When the Papyrus Ebers was written, Egypt was at its highest medical achievement. Historians can come to the conclusion that the papyrus belonged to the Pharaoh Amenhotep (1557-1501 BC) . It is the most accurate account of early Egyptian medicine ever written. At this time medicine was much freer of magic then before. It is used as the founding book of knowledge for ancient Egyptian medicine.

Much of the contents of the papyrus, deal with constipation, giving several effective cures that in some parts of the world, are still used today. The Papyrus Ebers consisted of 108 columns divided into forty-five groups. The second group for example would describe various kinds of laxatives, while group four describes stomach ailments. The texts contained in the Papyrus Ebers are difficult to understand, and there are many unknown terms used within. One of the most famous ancient doctors is Imhotep. He was a great privilege to have as a Pharaoh.

He worked in the court of the pharaoh Khasekhem. When he was finished, he turned to the speechless women and said, on these wounds, compresses of fresh meat must be applied and new ones must be reapplied five times daily. After this, the patient should drink milk mixed with beef gall bladder… This is an exert from Pierre Montalauers book about Imhotep. It refers to the ordeal of the birth of the great Pharaoh Djoser. After the deliverance, the queen of the Upper Egyptian capital, received a tear of the perineum. Imhotep quickly bandaged and stitched the wound. The exert is Imhotep giving the queen instructions to follow in order to let the wound heal properly. He saved the queen but around the same time his wife died giving birth to his son.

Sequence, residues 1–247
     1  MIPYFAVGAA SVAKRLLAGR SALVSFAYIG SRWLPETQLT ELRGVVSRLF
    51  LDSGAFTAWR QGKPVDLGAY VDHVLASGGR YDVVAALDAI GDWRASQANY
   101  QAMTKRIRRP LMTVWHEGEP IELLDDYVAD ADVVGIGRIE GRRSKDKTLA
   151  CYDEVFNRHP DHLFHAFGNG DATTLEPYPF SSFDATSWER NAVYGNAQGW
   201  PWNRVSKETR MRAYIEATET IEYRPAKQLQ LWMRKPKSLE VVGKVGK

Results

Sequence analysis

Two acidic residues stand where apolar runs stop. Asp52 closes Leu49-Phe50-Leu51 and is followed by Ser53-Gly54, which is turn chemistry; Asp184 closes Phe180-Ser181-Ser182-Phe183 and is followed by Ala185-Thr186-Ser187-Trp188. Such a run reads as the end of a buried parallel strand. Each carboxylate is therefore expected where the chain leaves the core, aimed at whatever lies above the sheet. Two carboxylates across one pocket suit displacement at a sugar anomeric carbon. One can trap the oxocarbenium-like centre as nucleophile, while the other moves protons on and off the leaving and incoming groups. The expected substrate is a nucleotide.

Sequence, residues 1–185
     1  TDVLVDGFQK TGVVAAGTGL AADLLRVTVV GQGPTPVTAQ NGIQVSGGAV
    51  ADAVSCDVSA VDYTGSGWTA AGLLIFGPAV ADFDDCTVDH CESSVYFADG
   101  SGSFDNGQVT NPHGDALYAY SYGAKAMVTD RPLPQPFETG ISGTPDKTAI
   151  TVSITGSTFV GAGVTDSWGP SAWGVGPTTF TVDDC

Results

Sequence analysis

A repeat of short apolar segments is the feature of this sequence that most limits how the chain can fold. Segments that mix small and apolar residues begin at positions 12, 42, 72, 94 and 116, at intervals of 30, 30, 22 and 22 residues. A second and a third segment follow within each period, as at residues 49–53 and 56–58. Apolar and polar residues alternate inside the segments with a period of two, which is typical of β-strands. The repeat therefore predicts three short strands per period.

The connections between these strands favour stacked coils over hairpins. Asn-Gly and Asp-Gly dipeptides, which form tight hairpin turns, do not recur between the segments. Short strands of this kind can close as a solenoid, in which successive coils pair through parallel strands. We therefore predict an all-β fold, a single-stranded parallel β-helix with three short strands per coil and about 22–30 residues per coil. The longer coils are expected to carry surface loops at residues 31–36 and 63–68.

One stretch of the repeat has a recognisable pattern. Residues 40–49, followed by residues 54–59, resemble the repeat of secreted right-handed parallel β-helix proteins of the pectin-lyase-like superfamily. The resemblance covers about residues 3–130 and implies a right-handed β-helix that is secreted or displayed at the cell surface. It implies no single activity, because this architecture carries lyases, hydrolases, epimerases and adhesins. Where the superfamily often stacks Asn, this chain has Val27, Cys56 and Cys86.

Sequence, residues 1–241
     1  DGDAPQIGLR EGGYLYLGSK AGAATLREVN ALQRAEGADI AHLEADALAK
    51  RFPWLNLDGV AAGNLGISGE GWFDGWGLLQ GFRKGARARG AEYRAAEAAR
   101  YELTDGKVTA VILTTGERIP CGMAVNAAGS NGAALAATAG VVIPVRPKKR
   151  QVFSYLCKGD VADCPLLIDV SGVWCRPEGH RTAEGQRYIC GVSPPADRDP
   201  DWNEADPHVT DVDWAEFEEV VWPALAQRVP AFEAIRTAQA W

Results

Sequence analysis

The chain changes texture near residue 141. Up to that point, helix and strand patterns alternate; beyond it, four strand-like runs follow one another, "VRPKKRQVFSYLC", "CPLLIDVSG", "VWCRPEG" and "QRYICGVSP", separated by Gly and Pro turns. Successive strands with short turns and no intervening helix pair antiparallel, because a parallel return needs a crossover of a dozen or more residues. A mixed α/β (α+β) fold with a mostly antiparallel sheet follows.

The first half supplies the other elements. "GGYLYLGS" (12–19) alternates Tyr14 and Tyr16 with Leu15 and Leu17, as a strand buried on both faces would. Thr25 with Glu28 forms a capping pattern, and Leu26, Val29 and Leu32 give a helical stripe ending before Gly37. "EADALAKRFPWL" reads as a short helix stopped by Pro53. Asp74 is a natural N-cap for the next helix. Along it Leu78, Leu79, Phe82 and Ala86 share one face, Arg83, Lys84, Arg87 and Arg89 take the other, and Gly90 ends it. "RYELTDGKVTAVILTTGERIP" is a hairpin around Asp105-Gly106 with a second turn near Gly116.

He then locked himself in with his wife for forty days to mummify her. This was the first recorded process of mummification known. He committed a large part of his life to Djoser the future Pharaoh. He played a major role in the court, was vizier to his king , he was a great architect and astrologist. In some legends it says that he ended the seven year drought by creating an elaborate system of irrigation, organizing fisheries, and he also preserved food.

Imhotep built the first pyramid in the world, the step mastaba of Saqara. It was erected over the resting place of Pharaohs wife who was buried in the Nile Delta. It is now known that Egyptian medicine contributed greatly to modern medicine. Many of the therapies used today are similar to those used in ancient Egyptian times such as the method of treating a fractured bone. They were the first to use electrotherapy to cure pain, and also have an understanding of what happened.

The first ever mummification was in Egypt and the process was used for centuries to come by all Egyptian peoples. With the discoveries of more and more papyrus, ancient Egyptians are now getting the credit they deserve for their contributions to modern medicine. Bibliography Atkinson, D.T. Magic, Myth and Medicine. New York: The World Publishing Company, 1956.

Dawson, Warren R. Ancient Egyptian Medicine. The Story of Medicine. New York: Golden Press, 1968. Stetter, Cornelius.

The Secret Medicine of the Pharaohs: Ancient Egyptian Healing. Carol Stream: Quintessence Publishing Company, 1993.